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United States Department of Agriculture

Agricultural Research Service

Title: An estimation of outcrossing in Florida avocado (Persea americana Mill.) using microsatellite markers

Authors
item Borrone, James
item Tondo, Cecile
item Kuhn, David
item Brown, James
item Violi, Helen - VOLUNTEER
item Ploetz, R - UNIV. FLORIDA TREC
item Schnell Ii, Raymond

Submitted to: Botanical Society of America Proceedings
Publication Type: Proceedings
Publication Acceptance Date: July 16, 2007
Publication Date: July 16, 2007
Citation: Borrone, J.W., Olano, C.T., Kuhn, D.N., Brown, J.S., Violi, H., Ploetz, R., Schnell Ii, R.J. 2007. An estimation of outcrossing in Florida avocado (Persea americana Mill.) using microsatellite markers. Botanical Society of America Proceedings.

Interpretive Summary: Avocado has a unique floral mechanism in which flowers are functionally male or functionally female at different times. Cultivars are classified based upon their flowering type. Type A cultivars are functionally female in the morning, close, and are functionally male the following afternoon. The reverse occurs in Type B cultivars. This mechanism is believed to promote outcrossing among individual trees, and commercial growers plant Type A and B cultivars in close proximity to ensure cross-pollination. A hypothesis, based upon direct observation of flowers, suggests that self-fertilization occurs in 95% of the flowers in Florida avocados. However, it does not address whether harvested fruit result from self-pollination or cross-pollination. We characterized 1,430 progeny purchased from a commercial grove consisting of two cultivars. 'Simmonds' (Type A) and 'Tonnage' (Type B) in Florida using microsatellite markers. From the 'Simmonds' progeny, 38% were a result of a cross between 'Simmonds' and 'Tonnage', 26% were judged as self-pollinations, and 38% were off-types. From the 'Tonnage', 5% were judged as self-pollinations, and 10% were off-types. The majority of harvested fruit was a result of cross-pollination ('Simmonds' and 'Tonnage' hybrids and off-type hybrids), and suggests that interplanting cultivars increases the yield of commercially harvestable fruit. Additionally, seedlings derived from cross-pollinations between 'Simmonds' and 'Tonnage' will be maintained at the USDA-ARS as an F1 population, and evaluated for important agronomic traits.

Technical Abstract: Persea americana Mill. exhibits a unique flowering mechanism, synchronous dichogamy, in which the male and female parts of the perfect flower are functional at different times. Cultivars are classified based upon their flowering type. Type A cultivars open in the morning as functionally female flowers, close, then reopen in the afternoon the following day as functionally male flowers. The reverse occurs with Type B cultivars. This mechanism is believed to promote outcorssing, thus many commercial growers plant Type A and B cultivars in close proximity to maximize cross-pollination events. A hypothesis, based upon direct observation of floral pollination events, suggests that self-fertilization occurs in 95% of the flowers in Florida avocados. However, a significant number of fruits are aborted before maturation, and the hypothesis does not address whether mature fruit results from self- or cross-pollination events. To address this, 1,926 avocado fruit were purchased from a commercial grove consisting of three rows of one cultivar Simmonds (Type A) and a pollinator row of cultivar Tonnage (Type B) and germinated. Progeny of 'Simmonds' (729) and progeny of 'Tonnage' (701) were genotyped using microsatellite markers to determine the amount of outcrossing between the two cultivars. From the 'Simmonds' progeny, 38% were a result of a cross between 'Simmonds' and 'Tonnage', 25% were judged as self-pollinations, and 38% were off-types. From the 'Tonnage' progeny, 85% were a result of a cross between 'Simonds' and 'Tonnage", 5% were judged as self-pollinations, and 10% were off-types. Therefore, the majority of harvested fruit was a result of cross-pollination events ('Simmonds and 'Tonnage" hybrids and off-type hybrids), and suggests that interplanting cultivars increases the yield of commercially harvestable fruit. Additionally, seedlings derived from cross-pollinations between 'Simmonds' and 'Tonnage' will be maintained at the USDA-ARS as an F1 population, and evaluated for important agronomic traits.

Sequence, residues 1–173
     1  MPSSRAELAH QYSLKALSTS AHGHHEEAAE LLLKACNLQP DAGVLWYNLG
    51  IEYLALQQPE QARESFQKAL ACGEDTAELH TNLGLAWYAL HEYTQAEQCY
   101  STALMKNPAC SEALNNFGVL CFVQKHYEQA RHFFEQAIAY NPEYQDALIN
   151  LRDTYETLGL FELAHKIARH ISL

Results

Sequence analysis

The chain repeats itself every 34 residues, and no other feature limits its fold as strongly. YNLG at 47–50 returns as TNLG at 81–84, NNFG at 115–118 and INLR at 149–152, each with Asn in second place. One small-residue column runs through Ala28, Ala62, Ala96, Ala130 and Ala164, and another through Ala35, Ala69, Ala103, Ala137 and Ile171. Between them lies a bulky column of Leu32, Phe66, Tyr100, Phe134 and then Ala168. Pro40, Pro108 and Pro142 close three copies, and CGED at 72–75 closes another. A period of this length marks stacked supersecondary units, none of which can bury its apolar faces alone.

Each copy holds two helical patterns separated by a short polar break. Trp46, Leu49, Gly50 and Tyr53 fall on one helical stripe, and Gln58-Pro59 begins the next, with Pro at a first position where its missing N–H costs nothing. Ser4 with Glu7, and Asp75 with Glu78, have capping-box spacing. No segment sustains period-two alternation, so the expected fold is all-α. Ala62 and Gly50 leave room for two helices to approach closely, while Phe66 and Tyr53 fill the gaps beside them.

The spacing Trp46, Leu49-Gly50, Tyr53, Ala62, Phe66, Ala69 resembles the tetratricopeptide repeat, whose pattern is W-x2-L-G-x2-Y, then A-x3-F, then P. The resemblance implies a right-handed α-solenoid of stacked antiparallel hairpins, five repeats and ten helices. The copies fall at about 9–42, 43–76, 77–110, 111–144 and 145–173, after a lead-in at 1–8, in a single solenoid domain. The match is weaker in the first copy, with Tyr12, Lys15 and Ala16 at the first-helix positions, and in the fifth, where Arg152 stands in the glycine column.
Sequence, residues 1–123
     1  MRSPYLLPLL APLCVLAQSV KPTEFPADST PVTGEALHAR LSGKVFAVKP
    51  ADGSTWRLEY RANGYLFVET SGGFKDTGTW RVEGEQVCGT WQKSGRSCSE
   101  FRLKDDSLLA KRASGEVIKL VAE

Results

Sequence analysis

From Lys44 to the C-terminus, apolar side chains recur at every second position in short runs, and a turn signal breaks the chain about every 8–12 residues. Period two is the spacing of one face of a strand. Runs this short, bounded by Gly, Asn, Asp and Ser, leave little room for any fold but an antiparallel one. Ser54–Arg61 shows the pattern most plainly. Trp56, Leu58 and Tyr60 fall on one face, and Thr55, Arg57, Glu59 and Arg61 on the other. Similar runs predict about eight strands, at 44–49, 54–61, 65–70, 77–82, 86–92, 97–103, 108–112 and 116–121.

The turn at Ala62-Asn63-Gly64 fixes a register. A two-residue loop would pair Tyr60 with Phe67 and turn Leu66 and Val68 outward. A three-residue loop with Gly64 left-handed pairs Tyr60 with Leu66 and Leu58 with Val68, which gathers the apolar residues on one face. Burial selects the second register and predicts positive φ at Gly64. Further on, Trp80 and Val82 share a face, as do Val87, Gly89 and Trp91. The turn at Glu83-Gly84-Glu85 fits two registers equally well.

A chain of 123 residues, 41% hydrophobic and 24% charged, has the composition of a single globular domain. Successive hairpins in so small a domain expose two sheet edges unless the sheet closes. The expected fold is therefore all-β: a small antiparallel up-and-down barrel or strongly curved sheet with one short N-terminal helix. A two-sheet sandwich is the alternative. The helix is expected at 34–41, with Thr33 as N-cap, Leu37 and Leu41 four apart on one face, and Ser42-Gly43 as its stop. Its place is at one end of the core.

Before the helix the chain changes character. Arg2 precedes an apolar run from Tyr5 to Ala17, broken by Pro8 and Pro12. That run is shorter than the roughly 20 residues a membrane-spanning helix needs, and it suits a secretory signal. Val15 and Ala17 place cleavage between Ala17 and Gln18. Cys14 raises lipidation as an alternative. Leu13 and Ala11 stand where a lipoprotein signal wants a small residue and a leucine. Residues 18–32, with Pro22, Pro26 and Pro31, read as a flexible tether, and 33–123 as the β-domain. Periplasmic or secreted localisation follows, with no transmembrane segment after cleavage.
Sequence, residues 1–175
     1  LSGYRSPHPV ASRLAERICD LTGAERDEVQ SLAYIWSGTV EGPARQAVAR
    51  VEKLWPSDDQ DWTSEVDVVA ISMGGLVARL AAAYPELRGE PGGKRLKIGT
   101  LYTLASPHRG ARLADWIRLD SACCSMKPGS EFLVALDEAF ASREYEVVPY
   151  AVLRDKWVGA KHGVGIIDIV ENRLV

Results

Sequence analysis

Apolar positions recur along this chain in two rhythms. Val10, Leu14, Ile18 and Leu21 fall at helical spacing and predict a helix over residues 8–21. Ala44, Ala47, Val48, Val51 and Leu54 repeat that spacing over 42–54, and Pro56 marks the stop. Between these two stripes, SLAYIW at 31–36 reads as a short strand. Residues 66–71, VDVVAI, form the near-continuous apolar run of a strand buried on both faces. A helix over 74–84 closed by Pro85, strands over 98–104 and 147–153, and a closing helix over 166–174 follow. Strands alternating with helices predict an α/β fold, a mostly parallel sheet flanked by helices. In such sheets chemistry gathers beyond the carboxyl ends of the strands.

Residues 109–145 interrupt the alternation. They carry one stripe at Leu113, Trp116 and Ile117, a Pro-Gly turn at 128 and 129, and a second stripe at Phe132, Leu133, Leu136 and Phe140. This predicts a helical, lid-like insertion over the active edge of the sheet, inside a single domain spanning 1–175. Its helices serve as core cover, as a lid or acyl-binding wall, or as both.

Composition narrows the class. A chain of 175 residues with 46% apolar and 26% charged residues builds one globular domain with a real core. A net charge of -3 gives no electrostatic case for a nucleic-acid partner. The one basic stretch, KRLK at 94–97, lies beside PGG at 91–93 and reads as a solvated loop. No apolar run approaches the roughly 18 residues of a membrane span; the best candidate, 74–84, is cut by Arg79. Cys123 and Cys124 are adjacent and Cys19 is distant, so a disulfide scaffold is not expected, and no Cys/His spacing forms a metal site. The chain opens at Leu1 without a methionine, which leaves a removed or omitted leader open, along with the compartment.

Last Modified: 9/20/2014
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